Creating a delayed pulse, given a pulse train

Discussion in 'General Electronics Chat' started by drkblog, Oct 12, 2012.

  1. drkblog

    Thread Starter Member

    Oct 4, 2012
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    This may sound a little obvious, but even when I think of ways for doing this, I think there must be something simpler:

    I have a digital signal (a train pulse) lets say 200ms active 50ms passive. And I need to create another pulse of 5ms matching the last 5 ms of the passive period:

    Code ( (Unknown Language)):
    1.  
    2. Original
    3.  
    4. 200        50
    5. --------+      +---
    6.         |      |
    7.         +------+
    8.  
    9. Created
    10.                 5
    11.              +-+
    12.              | |
    13. -------------+ +---
    14.  
    What would be the simplest / cheaper way of doing this?
     
  2. praondevou

    AAC Fanatic!

    Jul 9, 2011
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    Any clock available? What precision do you need?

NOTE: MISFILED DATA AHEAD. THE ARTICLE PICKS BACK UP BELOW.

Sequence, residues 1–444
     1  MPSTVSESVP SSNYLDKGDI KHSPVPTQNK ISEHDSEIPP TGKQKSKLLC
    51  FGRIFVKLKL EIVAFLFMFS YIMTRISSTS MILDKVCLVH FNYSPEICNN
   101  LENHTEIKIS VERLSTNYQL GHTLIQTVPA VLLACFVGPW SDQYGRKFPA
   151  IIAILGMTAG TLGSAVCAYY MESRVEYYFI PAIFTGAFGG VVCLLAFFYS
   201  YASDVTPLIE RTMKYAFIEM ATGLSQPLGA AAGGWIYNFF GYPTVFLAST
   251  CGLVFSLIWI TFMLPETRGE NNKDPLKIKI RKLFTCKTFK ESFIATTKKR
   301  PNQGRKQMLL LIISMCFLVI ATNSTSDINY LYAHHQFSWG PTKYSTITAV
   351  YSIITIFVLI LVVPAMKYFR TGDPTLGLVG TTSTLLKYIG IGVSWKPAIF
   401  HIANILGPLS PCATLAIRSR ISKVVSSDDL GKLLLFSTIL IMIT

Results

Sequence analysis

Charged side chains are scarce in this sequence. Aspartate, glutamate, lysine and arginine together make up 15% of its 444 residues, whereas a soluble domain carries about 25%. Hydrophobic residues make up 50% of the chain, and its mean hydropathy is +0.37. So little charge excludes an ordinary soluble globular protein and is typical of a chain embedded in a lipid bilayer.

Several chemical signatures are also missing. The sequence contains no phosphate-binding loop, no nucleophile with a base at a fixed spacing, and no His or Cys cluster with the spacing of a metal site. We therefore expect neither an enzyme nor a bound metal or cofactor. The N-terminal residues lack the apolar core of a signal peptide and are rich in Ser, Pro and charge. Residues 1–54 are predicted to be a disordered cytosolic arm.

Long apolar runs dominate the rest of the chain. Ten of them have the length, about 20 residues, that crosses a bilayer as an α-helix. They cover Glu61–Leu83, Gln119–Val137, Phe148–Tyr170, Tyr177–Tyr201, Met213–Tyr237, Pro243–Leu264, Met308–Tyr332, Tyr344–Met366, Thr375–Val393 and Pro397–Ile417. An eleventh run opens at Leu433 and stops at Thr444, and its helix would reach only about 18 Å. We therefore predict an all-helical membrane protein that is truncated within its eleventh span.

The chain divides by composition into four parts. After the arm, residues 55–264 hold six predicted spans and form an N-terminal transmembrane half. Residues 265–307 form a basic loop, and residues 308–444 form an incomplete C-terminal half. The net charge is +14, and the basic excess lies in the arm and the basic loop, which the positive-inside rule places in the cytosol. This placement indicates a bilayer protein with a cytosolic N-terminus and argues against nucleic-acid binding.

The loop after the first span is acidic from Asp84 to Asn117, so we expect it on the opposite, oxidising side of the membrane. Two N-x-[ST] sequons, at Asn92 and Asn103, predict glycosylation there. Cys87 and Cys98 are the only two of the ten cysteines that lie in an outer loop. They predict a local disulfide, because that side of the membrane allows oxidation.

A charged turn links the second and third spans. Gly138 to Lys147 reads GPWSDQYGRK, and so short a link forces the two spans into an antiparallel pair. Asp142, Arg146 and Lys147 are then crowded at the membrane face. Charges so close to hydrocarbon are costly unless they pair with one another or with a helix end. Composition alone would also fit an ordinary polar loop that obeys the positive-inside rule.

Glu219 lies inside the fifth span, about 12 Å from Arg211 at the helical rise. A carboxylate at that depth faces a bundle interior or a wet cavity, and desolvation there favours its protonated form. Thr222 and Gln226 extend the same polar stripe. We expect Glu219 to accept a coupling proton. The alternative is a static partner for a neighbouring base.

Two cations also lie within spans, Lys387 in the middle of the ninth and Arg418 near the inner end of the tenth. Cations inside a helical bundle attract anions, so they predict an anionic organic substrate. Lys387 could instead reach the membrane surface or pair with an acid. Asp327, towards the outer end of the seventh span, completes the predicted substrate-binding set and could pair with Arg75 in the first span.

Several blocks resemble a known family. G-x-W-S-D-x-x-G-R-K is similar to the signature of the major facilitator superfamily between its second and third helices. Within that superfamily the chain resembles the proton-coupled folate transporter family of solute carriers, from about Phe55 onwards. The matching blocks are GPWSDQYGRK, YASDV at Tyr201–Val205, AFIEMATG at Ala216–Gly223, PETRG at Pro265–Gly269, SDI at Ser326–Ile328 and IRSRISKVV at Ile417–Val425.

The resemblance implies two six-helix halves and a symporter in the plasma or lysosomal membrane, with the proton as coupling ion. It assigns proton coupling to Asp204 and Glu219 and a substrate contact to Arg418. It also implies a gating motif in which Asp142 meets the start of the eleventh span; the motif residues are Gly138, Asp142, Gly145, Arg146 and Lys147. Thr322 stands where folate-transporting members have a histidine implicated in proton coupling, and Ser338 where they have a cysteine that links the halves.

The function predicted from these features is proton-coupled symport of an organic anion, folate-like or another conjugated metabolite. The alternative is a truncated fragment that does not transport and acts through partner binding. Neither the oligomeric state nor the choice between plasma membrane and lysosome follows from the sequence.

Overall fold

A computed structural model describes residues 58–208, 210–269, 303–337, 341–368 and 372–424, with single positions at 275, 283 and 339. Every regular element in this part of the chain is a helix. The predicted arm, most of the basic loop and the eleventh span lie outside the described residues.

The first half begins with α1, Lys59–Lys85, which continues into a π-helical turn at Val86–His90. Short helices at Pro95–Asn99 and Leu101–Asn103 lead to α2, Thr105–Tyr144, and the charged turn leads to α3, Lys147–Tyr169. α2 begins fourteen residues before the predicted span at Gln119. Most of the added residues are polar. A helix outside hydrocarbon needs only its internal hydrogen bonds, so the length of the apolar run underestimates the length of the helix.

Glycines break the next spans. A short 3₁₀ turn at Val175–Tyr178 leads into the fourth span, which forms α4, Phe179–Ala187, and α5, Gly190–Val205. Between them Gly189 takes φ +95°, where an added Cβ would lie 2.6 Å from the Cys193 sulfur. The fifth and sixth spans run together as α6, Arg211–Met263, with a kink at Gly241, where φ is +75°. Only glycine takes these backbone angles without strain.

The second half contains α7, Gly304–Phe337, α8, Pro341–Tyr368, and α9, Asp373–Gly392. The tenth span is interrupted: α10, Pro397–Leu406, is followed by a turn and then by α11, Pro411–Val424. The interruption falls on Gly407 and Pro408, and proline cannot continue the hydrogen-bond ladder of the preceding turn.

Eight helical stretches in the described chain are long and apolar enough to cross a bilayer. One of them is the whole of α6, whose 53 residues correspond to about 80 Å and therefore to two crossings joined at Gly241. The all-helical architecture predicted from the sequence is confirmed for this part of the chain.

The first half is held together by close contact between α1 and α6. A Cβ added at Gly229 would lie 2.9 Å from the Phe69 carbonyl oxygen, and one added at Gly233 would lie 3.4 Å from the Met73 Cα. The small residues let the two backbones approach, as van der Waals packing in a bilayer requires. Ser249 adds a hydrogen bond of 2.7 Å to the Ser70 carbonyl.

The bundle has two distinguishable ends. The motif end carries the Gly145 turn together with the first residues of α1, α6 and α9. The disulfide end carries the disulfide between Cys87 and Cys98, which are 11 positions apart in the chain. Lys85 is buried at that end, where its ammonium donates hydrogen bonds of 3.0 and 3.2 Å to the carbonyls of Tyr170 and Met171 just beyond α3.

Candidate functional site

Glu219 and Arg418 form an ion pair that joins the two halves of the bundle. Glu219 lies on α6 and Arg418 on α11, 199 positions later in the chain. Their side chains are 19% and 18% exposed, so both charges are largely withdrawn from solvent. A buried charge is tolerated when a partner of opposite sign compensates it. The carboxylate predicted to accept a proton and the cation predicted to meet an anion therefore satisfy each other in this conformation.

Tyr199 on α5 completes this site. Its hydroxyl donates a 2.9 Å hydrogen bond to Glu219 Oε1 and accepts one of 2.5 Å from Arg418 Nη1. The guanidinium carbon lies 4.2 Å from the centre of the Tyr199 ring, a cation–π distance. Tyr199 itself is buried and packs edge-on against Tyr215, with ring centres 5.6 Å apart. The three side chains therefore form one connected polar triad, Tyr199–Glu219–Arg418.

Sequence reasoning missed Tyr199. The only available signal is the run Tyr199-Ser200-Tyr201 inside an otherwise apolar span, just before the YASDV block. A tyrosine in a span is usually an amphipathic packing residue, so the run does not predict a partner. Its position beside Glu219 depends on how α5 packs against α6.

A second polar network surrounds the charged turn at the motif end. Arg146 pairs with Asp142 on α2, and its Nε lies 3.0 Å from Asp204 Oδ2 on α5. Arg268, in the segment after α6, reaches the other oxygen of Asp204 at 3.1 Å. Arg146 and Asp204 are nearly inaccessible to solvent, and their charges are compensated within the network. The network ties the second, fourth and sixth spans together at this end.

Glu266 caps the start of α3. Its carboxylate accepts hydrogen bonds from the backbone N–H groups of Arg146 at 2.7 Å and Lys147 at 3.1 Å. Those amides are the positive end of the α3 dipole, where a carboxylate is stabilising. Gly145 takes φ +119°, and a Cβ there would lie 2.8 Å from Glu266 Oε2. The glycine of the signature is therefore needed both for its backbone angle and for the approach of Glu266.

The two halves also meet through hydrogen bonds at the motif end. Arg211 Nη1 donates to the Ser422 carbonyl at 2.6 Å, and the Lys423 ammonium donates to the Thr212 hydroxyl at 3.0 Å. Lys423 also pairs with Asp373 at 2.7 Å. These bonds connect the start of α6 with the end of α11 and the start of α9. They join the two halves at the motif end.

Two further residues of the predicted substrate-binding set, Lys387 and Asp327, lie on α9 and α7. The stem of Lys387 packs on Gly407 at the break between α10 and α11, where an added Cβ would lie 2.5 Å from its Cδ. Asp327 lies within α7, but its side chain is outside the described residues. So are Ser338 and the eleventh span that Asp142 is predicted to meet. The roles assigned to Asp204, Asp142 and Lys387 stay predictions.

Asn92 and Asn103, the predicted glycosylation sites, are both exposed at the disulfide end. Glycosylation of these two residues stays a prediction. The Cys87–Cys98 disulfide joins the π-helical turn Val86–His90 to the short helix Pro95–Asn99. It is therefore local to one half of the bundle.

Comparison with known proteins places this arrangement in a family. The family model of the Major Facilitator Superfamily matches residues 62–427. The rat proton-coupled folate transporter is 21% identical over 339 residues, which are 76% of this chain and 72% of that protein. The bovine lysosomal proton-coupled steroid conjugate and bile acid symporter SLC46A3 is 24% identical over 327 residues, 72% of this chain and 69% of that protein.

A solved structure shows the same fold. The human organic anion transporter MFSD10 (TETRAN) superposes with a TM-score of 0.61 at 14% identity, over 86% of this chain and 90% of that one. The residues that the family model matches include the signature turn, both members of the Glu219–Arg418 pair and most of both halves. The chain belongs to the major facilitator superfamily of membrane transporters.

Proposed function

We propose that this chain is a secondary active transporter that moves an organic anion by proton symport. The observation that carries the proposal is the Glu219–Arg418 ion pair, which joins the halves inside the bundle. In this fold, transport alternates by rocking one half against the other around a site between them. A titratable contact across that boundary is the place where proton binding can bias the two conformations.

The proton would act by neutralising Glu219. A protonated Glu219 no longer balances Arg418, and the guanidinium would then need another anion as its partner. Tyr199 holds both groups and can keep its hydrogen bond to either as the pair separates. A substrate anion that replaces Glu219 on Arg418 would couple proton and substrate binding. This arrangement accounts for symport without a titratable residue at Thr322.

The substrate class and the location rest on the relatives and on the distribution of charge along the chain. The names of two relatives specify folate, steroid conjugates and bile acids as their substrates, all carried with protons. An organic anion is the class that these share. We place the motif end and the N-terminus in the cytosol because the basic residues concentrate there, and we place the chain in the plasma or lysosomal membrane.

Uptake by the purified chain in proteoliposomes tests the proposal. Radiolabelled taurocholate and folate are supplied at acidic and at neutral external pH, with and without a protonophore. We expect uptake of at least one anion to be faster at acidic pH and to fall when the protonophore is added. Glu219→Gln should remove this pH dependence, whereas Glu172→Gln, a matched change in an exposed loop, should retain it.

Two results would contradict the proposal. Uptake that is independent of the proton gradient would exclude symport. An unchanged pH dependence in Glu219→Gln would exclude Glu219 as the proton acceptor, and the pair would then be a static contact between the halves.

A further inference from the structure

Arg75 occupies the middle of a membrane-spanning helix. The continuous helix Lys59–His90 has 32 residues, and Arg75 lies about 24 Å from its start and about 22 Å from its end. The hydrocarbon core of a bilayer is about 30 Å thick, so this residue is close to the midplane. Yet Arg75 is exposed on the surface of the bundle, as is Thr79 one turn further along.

If no clock is available and you don't need high precision you can use the falling edge of the 200ms to trigger a 555 monostable whose falling edge triggers a second 555 monostable (after 45ms).

    It depends on the delays necessary between the 200ms and 5ms edges etc to determine if this would be suitable. What is it used for? Where does the pulse train come from?
     
  3. drkblog

    Thread Starter Member

    Oct 4, 2012
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    No clock. The original train is from a 555 astable circuit. In fact it's a 556 so I could use the second timer for that.

    I need this for synchronizing a counter and a 7 segment display. During the low period (50ms) I have to count. Then I have to show the number in the display. I have /Latch and Reset controls. I could use the original signal for both controls. So the circuit would latch and reset during high, and show the counter and count during low. At some point that works, specially because the count time is short and the human eye is slow. But as the count time increases, the display will start going unstable, or difficult to read.

    I though the second (delayed) pulse would be useful for disable latching just over the end of the count time.
     
  4. MrChips

    Moderator

    Oct 2, 2009
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    I think you have the carriage before the horse.
    What you are trying to implement is a classic counter/display sequence which goes:

    reset - count - latch - reset ...

    Just design three timing signals to follow each other in sequence A-B-C and everything should fall into place.